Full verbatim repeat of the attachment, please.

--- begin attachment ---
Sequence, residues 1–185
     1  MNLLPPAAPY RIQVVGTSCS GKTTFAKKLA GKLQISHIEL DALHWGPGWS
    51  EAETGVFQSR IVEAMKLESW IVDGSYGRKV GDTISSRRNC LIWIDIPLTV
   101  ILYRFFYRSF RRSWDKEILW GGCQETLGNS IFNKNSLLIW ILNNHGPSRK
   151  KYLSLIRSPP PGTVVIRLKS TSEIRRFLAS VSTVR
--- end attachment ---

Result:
Sequence, residues 1–185
     1  MNLLPPAAPY RIQVVGTSCS GKTTFAKKLA GKLQISHIEL DALHWGPGWS
    51  EAETGVFQSR IVEAMKLESW IVDGSYGRKV GDTISSRRNC LIWIDIPLTV
   101  ILYRFFYRSF RRSWDKEILW GGCQETLGNS IFNKNSLLIW ILNNHGPSRK
   151  KYLSLIRSPP PGTVVIRLKS TSEIRRFLAS VSTVR